The Duke’s Disdain: A Result of Pride or Love?

In Browning’s the The Last Duchess, he provides a monologue that is given by a Duke explaining what I inferred to be a loveless relationship between him and his Duchess. In many of his descriptions, he seems to hold disdain for her. She was “too easily impressed; she liked whate’er She looked on, and he looks went everywhere” (line 23-24). He clearly thought of her as flirtatious and clearly a lover of many things; but she did not seem to love him. He states, “She thanked men-good! but thanked Somehow-I know not how – as if she ranked My gift of a nine-hundred-years-old name With anybody’s gift” (line 31-34).

I think these lines are the most revealing of the monologue. It shows that he felt jealousy, dislike, pride, and maybe love. It makes sense that he would be jealous; I would be too. Further along in the monologue he states, “Oh sir, she smiled, no doubt, Whene’er I passed her, but who passed without Much the same smile?” (line 43-45). He seemed to want to find satisfaction in her smiles at him, but he knew that all received the same expression so he smiles at him were not unique. He did not feel admired by her. It made me wonder if it is pride that made him want to be admired by her or did he love her? The rest of the monologue seems to imply that it was because of pride. In line 43, he says that refused to “stoop” (line 43) and tell her his displeasure. I think that if he loved he, he would have voiced his concerns rather than letting the dislike grow into a monster.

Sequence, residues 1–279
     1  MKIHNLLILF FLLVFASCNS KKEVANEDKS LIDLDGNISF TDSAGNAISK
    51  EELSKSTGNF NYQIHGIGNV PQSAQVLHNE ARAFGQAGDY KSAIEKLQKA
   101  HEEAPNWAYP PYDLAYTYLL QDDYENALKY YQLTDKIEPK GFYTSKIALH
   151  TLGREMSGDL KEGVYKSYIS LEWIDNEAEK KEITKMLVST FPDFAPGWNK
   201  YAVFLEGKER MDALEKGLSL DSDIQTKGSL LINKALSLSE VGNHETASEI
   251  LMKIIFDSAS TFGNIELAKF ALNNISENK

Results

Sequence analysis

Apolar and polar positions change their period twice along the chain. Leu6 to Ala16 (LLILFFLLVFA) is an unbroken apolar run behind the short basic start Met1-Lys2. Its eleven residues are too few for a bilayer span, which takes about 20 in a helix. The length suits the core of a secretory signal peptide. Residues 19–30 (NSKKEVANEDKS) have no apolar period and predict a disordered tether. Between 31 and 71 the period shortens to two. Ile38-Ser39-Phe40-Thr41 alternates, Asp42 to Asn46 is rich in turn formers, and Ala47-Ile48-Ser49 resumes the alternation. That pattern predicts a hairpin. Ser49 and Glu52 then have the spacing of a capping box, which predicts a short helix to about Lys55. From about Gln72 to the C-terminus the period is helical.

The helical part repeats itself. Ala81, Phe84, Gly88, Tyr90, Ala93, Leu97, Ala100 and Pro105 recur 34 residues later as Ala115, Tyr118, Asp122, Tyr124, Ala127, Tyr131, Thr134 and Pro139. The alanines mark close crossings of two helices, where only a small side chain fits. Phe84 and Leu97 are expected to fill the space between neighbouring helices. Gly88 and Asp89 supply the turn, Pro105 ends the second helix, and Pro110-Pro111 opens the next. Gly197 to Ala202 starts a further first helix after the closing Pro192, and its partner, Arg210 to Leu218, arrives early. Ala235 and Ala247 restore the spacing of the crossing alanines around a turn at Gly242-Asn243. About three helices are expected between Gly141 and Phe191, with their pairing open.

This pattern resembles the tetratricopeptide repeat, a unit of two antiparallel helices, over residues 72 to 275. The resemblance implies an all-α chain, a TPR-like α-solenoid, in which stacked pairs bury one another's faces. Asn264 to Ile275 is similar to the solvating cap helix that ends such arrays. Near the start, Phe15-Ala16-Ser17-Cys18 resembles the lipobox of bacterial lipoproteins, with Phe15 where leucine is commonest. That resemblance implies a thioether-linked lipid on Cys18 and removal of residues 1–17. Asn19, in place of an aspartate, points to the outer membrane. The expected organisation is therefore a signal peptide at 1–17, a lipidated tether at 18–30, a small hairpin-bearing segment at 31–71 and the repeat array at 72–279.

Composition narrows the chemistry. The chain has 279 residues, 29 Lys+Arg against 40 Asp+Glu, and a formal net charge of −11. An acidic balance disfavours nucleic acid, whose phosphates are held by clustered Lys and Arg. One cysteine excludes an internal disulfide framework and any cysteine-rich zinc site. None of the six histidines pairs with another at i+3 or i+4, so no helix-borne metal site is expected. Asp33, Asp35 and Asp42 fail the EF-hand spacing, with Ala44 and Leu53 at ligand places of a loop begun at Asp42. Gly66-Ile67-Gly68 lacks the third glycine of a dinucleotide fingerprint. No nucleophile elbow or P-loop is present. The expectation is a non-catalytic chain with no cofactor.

Another confirmation of his pride and jealousy is the way he abruptly ends his description of her. He says, “I gave commands; Then all smiles stopped together. There she stands As if alive” (line 54-47). He indicates that he became more unhappy, she began to show the same sentiments, she died, and then he moves on to the next thing in his house. Does he feel remorse for her passing? Does he maybe feel guilt for her death? The manner in which he ends the story implies that maybe he feels some regret, or maybe he really does dislike her so much that he gives her no honor in her passing.

This poem left me wondering, did the Duke love the Duchess and simply want her to resonate his feelings or was he a prideful, slightly abusive man who wanted submission?

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